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Digestive system
Digestive system

Gastroesophageal reflux disease
Gastroesophageal reflux disease

Upper gastrointestinal system
Upper gastrointestinal system

Gastroesophageal reflux - series
Gastroesophageal reflux - series


Gastroesophageal reflux disease (GERD) is a condition in which food or liquid travels backwards from the stomach to the esophagus (the tube from the mouth to the stomach). This action can irritate the esophagus, causing heartburn and other symptoms.

Alternative Names:

Peptic esophagitis; Reflux esophagitis; GERD; Heartburn - chronic

Causes, incidence, and risk factors:

Gastroesophageal reflux is a common condition that often occurs without symptoms after meals. In some people, the reflux is related to a problem with the lower esophageal sphincter, a band of muscle fibers that usually closes off the esophagus from the stomach. If this sphincter doesn't close properly, food and liquid can move backward into the esophagus and may cause the symptoms.

The risk factors for reflux include hiatal hernia (a condition in which part of the stomach moves above the diaphragm, which is the muscle that separates the chest and abdominal cavities), pregnancy, and scleroderma.

A number of studies suggest that obesity contributes to gastroesophageal reflux. For instance, the Nurses Health Study found that being overweight or obese significantly increased reflux symptoms in women. (Women who lost weight in the study, meanwhile, had fewer symptoms.)

Heartburn and gastroesophageal reflux can be brought on or worsened by pregnancy and by many different medications. Such drugs include:

  • Anticholinergics (e.g. for seasickness)
  • Beta blockers for high blood pressure or heart disease
  • Bronchodilators for asthma
  • Calcium channel blockers for high blood pressure
  • Dopamine-active drugs for Parkinson's disease
  • Progestin for abnormal menstrual bleeding or birth control
  • Sedatives for insomnia or anxiety
  • Tricyclic antidepressants

If you suspect that one of your medications may be causing heartburn, talk to your doctor. Never change or stop medication you take regularly without talking to your doctor.


Signs and tests: A number of tests may help diagnose reflux or identify complications:


General measures include:

  • Avoiding alcohol and tobacco
  • Avoiding dietary fat, chocolate, caffeine, peppermint, onions, garlic, citrus juices, and tomato products (which may cause lower esophageal pressure)
  • Avoiding lying down after meals
  • Sleeping with the head of the bed elevated
  • Taking medication with plenty of water
  • Weight reduction

Medications that alleviate symptoms include:

  • Over-the-counter antacids after meals and at bedtime, although they do not last very long
  • Histamine H2 receptor blockers, mostly for milder symptoms
  • Promotility agents
  • Proton pump inhibitors, which may take up to four days to relieve symptoms
Anti-reflux operations (Nissen fundoplication and others) may help a small number of patients whose symptoms do not go away with lifestyle changes and drugs, Even after surgery, many patients still need to take drugs to relieve their symptoms. There are also new therapies that can be performed through an endoscope (a flexible tube passed through the mouth into the stomach) for reflux.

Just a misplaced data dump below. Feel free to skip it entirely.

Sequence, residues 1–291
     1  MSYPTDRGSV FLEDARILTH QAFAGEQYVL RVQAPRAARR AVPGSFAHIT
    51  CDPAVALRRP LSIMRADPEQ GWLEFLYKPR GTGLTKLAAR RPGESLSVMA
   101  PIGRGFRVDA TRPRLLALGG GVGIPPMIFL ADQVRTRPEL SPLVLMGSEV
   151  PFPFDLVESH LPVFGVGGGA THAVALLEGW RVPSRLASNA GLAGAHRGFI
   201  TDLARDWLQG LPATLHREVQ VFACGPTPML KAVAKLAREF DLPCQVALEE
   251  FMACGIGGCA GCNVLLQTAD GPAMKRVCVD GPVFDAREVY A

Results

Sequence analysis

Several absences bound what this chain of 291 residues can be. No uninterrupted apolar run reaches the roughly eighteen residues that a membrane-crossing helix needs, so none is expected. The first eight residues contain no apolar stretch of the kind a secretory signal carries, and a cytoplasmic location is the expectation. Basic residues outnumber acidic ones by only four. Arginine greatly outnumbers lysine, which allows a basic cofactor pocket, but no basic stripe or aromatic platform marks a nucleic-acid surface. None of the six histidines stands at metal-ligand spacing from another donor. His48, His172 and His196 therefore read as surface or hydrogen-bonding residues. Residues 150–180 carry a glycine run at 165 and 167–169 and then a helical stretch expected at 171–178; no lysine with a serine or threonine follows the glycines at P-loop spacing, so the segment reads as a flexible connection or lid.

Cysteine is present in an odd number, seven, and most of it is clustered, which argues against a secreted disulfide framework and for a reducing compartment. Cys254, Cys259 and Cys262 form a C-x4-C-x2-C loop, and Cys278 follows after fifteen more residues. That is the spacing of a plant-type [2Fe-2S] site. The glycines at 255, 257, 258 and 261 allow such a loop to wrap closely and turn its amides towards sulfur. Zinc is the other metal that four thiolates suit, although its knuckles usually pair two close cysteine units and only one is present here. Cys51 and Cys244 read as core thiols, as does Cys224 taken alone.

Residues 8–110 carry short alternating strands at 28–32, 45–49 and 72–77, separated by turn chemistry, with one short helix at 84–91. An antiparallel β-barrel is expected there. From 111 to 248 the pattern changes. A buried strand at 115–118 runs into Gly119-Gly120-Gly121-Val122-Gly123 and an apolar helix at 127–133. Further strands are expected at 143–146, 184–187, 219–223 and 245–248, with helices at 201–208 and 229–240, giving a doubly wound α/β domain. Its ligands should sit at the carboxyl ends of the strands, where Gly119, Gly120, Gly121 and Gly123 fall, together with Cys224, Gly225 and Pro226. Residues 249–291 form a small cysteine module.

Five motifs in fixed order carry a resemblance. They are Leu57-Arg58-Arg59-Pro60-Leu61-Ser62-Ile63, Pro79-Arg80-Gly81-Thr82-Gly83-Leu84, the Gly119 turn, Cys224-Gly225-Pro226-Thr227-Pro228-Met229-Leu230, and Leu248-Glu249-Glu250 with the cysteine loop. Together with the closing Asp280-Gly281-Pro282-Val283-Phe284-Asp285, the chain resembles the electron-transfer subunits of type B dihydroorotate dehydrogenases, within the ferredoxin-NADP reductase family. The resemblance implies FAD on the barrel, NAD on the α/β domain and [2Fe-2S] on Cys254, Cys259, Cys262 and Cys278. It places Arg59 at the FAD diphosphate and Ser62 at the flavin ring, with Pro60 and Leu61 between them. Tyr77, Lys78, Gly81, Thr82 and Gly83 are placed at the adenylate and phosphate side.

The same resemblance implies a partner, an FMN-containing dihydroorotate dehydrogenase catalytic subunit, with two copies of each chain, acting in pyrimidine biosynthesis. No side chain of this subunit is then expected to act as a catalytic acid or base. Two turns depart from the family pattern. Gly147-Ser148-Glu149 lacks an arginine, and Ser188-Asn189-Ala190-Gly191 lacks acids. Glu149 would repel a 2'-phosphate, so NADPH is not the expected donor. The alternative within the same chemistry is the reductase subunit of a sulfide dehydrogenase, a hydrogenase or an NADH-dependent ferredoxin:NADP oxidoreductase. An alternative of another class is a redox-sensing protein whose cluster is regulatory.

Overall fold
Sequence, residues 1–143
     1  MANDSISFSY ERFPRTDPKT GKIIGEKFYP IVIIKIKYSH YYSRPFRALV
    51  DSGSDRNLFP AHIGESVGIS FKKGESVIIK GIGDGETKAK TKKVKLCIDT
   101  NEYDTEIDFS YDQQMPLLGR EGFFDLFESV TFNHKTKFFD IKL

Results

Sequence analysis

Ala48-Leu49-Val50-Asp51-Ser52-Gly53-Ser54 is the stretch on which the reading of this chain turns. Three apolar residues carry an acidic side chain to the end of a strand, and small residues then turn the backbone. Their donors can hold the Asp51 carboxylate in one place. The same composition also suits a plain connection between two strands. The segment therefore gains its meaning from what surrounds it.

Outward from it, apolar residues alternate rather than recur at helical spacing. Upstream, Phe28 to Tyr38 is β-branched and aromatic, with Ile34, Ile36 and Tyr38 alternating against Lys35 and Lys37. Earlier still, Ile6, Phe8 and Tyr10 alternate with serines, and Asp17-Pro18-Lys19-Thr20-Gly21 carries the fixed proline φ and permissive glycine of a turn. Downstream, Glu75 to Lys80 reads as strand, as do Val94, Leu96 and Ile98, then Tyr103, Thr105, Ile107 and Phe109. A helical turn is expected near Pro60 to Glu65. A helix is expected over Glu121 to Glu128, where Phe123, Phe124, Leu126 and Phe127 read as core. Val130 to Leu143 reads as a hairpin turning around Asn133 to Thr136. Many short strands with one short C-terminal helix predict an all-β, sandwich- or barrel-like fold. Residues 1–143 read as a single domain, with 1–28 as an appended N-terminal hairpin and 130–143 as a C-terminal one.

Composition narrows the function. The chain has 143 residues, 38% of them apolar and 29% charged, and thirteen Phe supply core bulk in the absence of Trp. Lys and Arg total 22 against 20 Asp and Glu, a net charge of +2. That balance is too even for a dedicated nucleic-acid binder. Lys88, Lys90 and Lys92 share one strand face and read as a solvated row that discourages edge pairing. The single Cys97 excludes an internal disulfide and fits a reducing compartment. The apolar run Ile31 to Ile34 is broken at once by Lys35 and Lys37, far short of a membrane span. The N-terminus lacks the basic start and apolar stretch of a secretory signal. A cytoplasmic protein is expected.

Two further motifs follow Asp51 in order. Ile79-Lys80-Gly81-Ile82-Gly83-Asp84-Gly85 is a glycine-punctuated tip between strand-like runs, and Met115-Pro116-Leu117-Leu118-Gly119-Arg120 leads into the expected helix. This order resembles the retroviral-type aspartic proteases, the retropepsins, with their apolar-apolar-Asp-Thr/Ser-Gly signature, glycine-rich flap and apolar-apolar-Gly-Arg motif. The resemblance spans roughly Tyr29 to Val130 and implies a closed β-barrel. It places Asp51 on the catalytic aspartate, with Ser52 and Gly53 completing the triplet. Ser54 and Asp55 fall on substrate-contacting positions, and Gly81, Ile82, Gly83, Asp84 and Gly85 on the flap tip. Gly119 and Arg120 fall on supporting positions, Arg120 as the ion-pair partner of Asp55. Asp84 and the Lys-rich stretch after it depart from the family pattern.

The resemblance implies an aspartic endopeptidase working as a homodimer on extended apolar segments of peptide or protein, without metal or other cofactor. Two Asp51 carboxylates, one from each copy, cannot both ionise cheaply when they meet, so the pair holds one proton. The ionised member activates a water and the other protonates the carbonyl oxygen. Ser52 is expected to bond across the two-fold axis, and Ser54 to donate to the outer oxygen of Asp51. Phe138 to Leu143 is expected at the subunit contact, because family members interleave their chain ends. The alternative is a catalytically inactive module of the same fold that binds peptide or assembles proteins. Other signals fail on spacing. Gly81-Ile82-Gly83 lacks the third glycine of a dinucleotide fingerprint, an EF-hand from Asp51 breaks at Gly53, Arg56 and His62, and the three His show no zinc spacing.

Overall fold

Support Groups:

Expectations (prognosis):

The majority of people respond to nonsurgical measures, with lifestyle changes and medications. However, many patients need to continue to take drugs to control their symptoms.

  • Barrett's esophagus (a change in the lining of the esophagus that can increase the risk of cancer)
  • Bronchospasm (irritation and resulting spasm of airways due to acid)
  • Chronic pulmonary disease
  • Esophageal ulcer
  • Hoarseness
  • Inflammation of the esophagus
  • Stricture (a narrowing of the esophagus due to scarring from the inflammation)

Calling your health care provider:

Call your health care provider if symptoms worsen or do not improve with lifestyle changes or medication.

Also call for any of the following symptoms:

  • Bleeding
  • Choking (coughing, shortness of breath)
  • Early satiety (feeling filled up quickly when eating)
  • Frequent vomiting
  • Hoarseness
  • Loss of appetite
  • Trouble swallowing (dysphagia) or pain with swallowing (odynophagia)
  • Weight loss

  • Heartburn prevention techniques
  • Looking at the esophagus with an endoscope and obtaining a sample of esophagus tissue for examination esophagoscopy with biopsy) may be recommended to diagnose Barrett's esophagus.
  • Follow-up endoscopy to look for dysplasia or cancer is often advised.


Wang, KK, Sampliner, R E. Updated guidelines 2008 for the diagnosis, surveillance and therapy of Barrett's esophagus. Am J Gastroenterol. 2008;103(3):788-97.

Khan, M, Santana, J, Donnellan, C, Preston, C, Moayyedi, P. Medical treatments in the short term management of reflux oesophagitis. Cochrane Database Syst Rev(2). 2007;CD003244.

Wilson, J F. In the clinic. Gastroesophageal reflux disease. Ann Intern Med. 2008;149(3): ITC2-1-15; quiz ITC2-16

Review Date: 9/7/2008
Reviewed By: David C. Dugdale, III, MD, Professor of Medicine, Division of General Medicine, Department of Medicine, University of Washington School of Medicine. Also reviewed by David Zieve, MD, MHA, Medical Director, A.D.A.M., Inc.

The information provided herein should not be used during any medical emergency or for the diagnosis or treatment of any medical condition. A licensed medical professional should be consulted for diagnosis and treatment of any and all medical conditions. Call 911 for all medical emergencies. Links to other sites are provided for information only -- they do not constitute endorsements of those other sites. © 1997- A.D.A.M., Inc. Any duplication or distribution of the information contained herein is strictly prohibited.

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